Connection of the garden cities with a larger Central City allowed from greater flexibility of uses within a given garden city, specialization of industry (allowing for wider regional economic linkages) and wider environmental vitality. While the notion of environmentalism, as we hold it today did not exist in Howard's time, the notion of preserving green and agricultural space, and of protecting people from pollution (particularily the smog and acidic fogs of Victorian London - a product of a coal based industrialization process) certainly did.  The idea of the garden cities was to provide respite from the worst excesses of inner city industrialization while preserving green space through comprehensive land management and planning directed development while still retaining strong regional transportation and socio-economic linkages with the central city.

In a way then, this process is very similar to the EcoDistricts.  Certainly, the EcoDistricts encourage some cutting edge technologies, however, many of the planning tools used in the development of the garden cities were cutting edge for their time. Further, they took advantage of the rail lines, which were the ultimate symbols of modernity in transportation systems at the time. This notion, in some way, persists with the re-emergence of streetcars and light rail within urban areas - and which are the vehicles from linkages between EcoDistricts and between EcoDistricts and inner-city within Portland.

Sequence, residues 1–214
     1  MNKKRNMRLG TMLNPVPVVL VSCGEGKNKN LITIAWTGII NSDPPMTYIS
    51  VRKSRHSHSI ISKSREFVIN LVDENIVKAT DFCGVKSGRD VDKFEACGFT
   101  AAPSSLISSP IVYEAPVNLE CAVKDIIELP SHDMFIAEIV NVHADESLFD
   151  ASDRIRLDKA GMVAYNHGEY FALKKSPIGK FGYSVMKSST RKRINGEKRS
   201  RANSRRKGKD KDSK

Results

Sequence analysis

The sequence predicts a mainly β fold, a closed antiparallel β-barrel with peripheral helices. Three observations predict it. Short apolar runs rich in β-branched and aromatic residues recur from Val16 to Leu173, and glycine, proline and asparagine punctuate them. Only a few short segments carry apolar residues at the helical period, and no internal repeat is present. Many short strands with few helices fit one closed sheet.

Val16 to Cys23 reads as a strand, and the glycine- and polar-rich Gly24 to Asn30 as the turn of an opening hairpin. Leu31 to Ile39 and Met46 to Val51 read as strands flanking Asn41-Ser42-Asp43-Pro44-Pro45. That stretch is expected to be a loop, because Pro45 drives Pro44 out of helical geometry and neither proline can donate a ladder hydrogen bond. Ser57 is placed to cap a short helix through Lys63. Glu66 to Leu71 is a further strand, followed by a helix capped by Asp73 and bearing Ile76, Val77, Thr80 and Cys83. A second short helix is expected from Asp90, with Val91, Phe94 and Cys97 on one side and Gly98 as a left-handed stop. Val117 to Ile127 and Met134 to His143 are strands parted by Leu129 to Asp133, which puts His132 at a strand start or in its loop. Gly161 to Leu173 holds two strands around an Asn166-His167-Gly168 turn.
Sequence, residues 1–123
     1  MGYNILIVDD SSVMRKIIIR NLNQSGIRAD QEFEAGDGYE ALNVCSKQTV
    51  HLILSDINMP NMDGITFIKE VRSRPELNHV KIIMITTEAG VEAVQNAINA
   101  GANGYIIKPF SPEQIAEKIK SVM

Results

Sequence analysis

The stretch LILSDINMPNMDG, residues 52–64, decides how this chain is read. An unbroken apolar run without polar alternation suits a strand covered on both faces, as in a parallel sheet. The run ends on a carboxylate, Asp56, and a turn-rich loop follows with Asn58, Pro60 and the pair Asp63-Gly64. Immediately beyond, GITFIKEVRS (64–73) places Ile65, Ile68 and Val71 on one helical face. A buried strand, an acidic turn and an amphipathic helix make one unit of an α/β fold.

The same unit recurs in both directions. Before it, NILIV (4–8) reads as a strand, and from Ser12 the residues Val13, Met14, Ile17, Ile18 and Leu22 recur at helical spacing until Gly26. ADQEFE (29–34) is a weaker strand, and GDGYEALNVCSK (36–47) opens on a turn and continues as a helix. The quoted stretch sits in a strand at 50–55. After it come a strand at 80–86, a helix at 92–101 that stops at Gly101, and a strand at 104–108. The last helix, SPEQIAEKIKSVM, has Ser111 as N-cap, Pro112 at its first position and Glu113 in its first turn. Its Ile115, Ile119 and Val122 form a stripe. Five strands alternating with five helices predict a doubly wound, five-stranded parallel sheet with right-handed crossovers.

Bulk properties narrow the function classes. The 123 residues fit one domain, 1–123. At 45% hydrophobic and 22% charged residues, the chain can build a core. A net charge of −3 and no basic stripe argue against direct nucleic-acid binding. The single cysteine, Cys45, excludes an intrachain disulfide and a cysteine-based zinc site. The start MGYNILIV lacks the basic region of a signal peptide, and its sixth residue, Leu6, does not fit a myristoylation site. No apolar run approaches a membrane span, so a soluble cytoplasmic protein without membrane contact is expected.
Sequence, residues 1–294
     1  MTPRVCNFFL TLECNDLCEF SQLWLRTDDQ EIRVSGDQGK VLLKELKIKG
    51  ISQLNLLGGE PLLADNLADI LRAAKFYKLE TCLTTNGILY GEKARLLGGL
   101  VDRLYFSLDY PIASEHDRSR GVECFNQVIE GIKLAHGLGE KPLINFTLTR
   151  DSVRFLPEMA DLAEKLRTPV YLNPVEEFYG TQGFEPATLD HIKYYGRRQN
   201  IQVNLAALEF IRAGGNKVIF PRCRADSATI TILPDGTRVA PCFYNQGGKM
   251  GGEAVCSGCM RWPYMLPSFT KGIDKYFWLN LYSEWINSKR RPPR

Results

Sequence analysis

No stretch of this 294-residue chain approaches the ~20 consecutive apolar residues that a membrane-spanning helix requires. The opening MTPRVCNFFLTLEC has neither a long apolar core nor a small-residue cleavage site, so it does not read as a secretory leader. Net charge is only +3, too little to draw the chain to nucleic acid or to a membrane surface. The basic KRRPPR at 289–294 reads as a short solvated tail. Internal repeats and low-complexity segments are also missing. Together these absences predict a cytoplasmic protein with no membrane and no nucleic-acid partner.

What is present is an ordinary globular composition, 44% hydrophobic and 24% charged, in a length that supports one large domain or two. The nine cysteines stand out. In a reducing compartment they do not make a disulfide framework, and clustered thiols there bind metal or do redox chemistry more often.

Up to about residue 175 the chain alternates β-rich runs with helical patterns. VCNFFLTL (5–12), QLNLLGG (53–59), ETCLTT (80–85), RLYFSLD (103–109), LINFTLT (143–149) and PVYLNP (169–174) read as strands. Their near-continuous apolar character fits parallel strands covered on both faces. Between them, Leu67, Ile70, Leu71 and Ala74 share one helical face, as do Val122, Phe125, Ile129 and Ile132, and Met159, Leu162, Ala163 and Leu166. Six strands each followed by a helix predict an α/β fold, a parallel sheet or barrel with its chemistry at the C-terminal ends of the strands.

Similarly, the notions of regional planning and comprehensive land-use that characterize the Portland regional planning model (and make Portland a case-study for planning practice across the United States) were brought to Portland by architect and historian Lewis Mumford, who was inspired by the garden cities of Howard along with the regional planning models of the Scottish land-scape architect Patrick Geddes.  Mumford had urged Portland to adopt regional planning models stretching across the river and into Vancouver as far back as the 1950s, long before Oregon's comprehensive land-use laws came into effect with the creation of the Land Conservation and Development Commission (LCDC) under the governorship of Tom McCall in 1973 and the eventual creation of Metro, the metropolitan governance model that has managed development in the Portland area since 1979.